It might be called the ‘baby Rolls-Royce’ but our latest spyshots prove that there’s very little that’s small about BMW’s new luxury car. The new Roller, codenamed RR4, is said to be longer than a long-wheelbase 7-series – and we can see why.
These spyshots, taken on the streets of Germany in the latest round of prototype testing, reveal a car that apes the imperious styling of its Phantom big brother but wrapped up in a smaller body. Forget the disguise around the surprisingly small rear doors; there will be decent-sized apertures to ease access to the rear seats.
So how will the baby Rolls-Royce fit into the range?
CAR recently interviewed the outgoing chief executive at Rolls-Royce, Ian Robertson. He plans to increase production at Goodwood to 2000 a year – helped by the launch of RR4 in 2010.
‘Its target market is totally different from Phantom,’ he vowed. ‘It will be aimed at successful businessmen who don’t buy Phantoms now. It’s for those who want to move beyond an S-class or Flying Spur. There is no other saloon in that price category.’
Click ‘Next’ to read about the mechanical underpinnings of the baby Rolls What lies beneath all that disguise on the baby Rolls?
Gone are the days when Rolls-Royces can sit on bespoke platforms. Goodwood will share much of the architecture for its new baby with the new BMW 7-series, launching later in 2008. However, a modular production system ensures that the Rolls-Royce will receive an extended and modified version of the architecture, as befits a model at the top of the BMW group tree.
What engines can we expect?
Expect engines based around existing BMW/Rolls-Royce models, but modified to suit Rolls’ laid-back approach. At this £160,000-175,000 rarefied atmosphere, only a V12 will suffice. We hear it will displace some six litres – enough to shift two and a half tonnes of luxury saloon. And with Bentley publicly declaring they will reduce their CO2 emissions, we wouldn’t be at all surprised if Rolls used the group’s hybrid petrol-electric drivetrain currently under development.
Naturally, there will be gadgets and pampering galore. The full suite of BMW tech will be available on the RR4: radar-adapted cruise control, auto-shut doors and a starlight-effect rooflining that glows with hundreds of LEDs at nighttime.
Click ‘Next’ to find out why Rolls is launching a new small model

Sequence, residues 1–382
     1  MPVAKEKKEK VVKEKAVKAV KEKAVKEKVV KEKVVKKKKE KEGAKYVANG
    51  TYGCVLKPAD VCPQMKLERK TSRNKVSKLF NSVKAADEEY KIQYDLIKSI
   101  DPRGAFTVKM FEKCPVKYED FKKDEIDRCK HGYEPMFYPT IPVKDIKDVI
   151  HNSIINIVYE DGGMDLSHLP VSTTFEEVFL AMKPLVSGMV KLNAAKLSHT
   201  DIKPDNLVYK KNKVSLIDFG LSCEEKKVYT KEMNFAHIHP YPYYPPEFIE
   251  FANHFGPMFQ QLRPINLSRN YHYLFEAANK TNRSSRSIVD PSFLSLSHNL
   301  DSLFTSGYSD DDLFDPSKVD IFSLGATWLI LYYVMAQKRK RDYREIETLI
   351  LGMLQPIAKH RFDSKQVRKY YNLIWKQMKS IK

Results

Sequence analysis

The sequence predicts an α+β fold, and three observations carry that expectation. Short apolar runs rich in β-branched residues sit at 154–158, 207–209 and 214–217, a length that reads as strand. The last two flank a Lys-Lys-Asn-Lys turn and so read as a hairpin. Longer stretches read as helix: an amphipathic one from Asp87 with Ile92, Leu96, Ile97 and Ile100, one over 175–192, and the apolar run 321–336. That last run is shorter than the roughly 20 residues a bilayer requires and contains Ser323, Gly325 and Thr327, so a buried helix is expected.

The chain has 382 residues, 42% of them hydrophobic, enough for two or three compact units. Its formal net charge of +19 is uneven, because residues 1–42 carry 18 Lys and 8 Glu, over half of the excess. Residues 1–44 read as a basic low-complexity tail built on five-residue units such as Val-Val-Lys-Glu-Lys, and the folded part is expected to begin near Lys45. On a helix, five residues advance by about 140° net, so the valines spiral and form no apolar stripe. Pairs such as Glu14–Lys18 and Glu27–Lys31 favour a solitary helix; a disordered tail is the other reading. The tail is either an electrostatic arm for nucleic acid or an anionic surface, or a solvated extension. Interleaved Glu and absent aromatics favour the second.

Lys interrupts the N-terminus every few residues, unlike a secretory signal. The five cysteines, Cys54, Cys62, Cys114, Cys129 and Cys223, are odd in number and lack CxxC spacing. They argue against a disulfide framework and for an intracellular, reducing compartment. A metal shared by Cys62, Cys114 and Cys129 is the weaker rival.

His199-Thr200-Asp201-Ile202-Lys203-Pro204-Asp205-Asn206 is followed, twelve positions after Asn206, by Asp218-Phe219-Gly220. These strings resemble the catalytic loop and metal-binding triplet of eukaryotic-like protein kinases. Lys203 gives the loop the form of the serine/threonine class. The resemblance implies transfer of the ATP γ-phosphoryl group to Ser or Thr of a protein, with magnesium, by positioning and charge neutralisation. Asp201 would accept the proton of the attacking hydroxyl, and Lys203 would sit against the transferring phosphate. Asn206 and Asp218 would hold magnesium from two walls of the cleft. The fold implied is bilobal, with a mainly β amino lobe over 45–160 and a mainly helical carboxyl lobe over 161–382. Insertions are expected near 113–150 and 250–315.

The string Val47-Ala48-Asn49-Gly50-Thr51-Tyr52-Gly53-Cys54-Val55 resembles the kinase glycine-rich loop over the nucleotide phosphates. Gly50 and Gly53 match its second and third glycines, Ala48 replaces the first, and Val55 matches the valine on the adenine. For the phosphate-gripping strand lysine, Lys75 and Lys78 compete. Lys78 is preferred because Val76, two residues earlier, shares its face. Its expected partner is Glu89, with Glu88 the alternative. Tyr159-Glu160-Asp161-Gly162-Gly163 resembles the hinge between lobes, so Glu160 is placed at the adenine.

Why is BMW launching a smaller Rolls-Royce?
It’s all about scale. Goodwood produced more than 1000 cars for the first time in 2007 – 25 percent more than the previous year. And to fuel further growth, more models are needed. Step forward, RR4.
And it won’t end with the limousine pictured in our spyshots. The baby Rolls will sire a whole family of cars, including hardtop and a convertible coupe, just like the Phantom.
It’s a telling move by BMW. A decade ago, there was a gaping hole in the luxury car market. Mainstream premium brands such as Mercedes and BMW wore five-figure price tags and there was nothing else for the discerning car buyer, unless you had a spare £150,000 burning a hole in your pocket with which to trade up to an Aston Martin, Ferrari or Lamborghini.
Bentley was first to exploit this gap in the market – and plugged the hole with its Continental family, now spanning from £120,000 to £137,000. The VW group has been rewarded for being first with sales of 9000 a year. But other brands are now muscling in on this territory – premium makes are moving upwards (there are now numerous Mercs sold for more than £100,000) and the proper luxury brands (like Rolls) are increasingly nudging further – dare we say it – downmarket.
A new boss at the top of Rolls-Royce
Rolls chief exec Ian Robertson recently announced he was leaving Goodwood to head up BMW’s head of sales and marketing. He will continue as Rolls-Royce boss until a successor is appointed – and then replace Stefan Krause, who has jumped ship to join Deutsche Bank.